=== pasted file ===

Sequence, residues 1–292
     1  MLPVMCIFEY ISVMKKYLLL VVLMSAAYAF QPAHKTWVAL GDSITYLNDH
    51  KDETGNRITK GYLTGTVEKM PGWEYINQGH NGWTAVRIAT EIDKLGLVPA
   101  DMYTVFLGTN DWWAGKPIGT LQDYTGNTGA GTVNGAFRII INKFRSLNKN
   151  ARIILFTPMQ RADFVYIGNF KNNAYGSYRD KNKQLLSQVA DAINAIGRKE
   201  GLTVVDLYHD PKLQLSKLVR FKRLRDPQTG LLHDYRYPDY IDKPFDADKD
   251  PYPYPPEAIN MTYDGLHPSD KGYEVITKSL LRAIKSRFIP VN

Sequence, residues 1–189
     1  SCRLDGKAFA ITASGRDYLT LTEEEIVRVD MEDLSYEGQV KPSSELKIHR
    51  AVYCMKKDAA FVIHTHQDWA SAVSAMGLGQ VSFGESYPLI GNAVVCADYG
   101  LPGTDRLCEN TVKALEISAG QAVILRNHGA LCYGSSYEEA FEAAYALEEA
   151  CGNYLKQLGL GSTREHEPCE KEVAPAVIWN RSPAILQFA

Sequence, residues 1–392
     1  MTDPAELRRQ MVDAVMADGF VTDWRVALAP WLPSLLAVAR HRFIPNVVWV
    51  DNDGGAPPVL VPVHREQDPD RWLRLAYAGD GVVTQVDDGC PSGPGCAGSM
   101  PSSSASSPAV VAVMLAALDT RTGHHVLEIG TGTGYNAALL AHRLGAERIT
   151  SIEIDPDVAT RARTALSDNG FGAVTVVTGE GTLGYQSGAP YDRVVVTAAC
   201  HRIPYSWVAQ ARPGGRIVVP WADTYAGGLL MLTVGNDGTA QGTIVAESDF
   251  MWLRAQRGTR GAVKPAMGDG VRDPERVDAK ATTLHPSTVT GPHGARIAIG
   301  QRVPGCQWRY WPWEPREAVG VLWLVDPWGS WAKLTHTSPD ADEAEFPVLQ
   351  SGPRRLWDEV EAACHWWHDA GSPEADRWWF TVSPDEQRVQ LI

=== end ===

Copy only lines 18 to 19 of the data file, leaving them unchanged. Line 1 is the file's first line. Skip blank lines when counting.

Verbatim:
   201  HRIPYSWVAQ ARPGGRIVVP WADTYAGGLL MLTVGNDGTA QGTIVAESDF
   251  MWLRAQRGTR GAVKPAMGDG VRDPERVDAK ATTLHPSTVT GPHGARIAIG